Venice and the Written word

The Cassa di Risparmio di Venezia in Campo Manin in Venice
I think most people would struggle to name a famous Venetian writer. The city has never really excelled in the written word, apart from the printing of it. In that, it was, for a century or more, in a class of its own. 
A plaque to Aldus Manutius, the founder of the Aldine Press, in the Campo Manin in Venice
Printing flourished to such an extent in Venice that by the year 1500 there were an estimated 150 presses in the city, almost as many as in the whole of the rest of Italy. Probably the most famous printer was Teobaldo Pio Manuzio (better known as Aldus Manutius), who arrived in Venice from Rome in 1495. 

He immediately  set up the Aldine Press under the sign of the Dolphn and Anchor, in what was then the Campo San Paternian (today's Campo Manin). His success owed much to his introduction of small and cheap editions of the classics. He also invented the Italic script, which enabled his printers to fit more letters onto the page.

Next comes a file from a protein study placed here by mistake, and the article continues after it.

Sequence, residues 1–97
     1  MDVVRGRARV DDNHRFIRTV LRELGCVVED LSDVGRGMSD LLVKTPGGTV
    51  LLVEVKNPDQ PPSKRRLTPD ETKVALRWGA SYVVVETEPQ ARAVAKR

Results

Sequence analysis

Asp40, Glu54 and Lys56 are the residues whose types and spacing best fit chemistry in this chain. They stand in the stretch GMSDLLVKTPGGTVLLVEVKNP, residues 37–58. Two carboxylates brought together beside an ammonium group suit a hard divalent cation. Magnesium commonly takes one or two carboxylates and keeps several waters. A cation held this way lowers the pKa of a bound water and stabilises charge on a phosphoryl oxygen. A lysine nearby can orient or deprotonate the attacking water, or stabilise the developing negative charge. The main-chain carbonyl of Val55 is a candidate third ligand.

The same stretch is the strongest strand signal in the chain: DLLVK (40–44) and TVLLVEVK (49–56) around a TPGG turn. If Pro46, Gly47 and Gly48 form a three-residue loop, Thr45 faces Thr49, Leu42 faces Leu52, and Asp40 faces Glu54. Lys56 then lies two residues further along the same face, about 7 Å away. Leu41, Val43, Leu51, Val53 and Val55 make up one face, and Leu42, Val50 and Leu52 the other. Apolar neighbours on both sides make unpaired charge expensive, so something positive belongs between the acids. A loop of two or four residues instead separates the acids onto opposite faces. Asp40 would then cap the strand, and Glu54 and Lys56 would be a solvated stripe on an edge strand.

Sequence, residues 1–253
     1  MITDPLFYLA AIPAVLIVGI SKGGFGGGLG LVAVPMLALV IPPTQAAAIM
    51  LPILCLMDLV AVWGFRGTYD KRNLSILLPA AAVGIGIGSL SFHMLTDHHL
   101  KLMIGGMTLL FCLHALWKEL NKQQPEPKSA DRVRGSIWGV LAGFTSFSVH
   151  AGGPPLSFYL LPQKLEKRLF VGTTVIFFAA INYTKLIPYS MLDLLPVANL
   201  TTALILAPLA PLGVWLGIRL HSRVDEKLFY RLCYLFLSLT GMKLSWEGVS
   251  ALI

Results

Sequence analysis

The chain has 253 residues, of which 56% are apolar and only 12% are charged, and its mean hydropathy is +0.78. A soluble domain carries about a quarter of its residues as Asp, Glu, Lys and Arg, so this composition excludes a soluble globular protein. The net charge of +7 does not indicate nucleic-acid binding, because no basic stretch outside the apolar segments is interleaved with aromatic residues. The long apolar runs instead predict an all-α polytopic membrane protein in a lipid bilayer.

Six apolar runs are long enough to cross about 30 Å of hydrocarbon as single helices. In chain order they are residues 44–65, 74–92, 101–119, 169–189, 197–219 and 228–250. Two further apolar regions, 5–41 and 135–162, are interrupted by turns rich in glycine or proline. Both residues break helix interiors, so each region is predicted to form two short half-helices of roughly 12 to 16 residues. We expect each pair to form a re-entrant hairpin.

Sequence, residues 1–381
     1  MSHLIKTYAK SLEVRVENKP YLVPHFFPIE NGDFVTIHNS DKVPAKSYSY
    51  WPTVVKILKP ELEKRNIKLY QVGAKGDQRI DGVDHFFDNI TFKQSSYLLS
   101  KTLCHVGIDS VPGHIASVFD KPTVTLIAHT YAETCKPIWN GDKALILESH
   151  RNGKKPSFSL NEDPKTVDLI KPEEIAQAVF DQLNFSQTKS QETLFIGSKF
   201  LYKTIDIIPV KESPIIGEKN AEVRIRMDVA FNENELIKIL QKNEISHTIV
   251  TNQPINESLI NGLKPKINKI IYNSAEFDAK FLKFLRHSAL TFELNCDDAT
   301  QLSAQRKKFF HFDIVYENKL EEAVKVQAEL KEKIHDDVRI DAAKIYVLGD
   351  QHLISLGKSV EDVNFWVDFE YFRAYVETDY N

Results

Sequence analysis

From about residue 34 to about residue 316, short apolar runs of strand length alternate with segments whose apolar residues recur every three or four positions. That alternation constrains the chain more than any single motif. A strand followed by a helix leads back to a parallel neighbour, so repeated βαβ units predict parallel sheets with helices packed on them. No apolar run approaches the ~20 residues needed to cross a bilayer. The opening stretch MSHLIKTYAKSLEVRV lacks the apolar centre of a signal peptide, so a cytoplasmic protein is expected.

The master died in 1515, but the Aldine Press continued to flourish throughout the sixteenth century, first under his son and then his grandson. 

The site of the Aldine Press is marked by a plaque, which can be found on the wall of the Cassa di Risparmio di Venezia.

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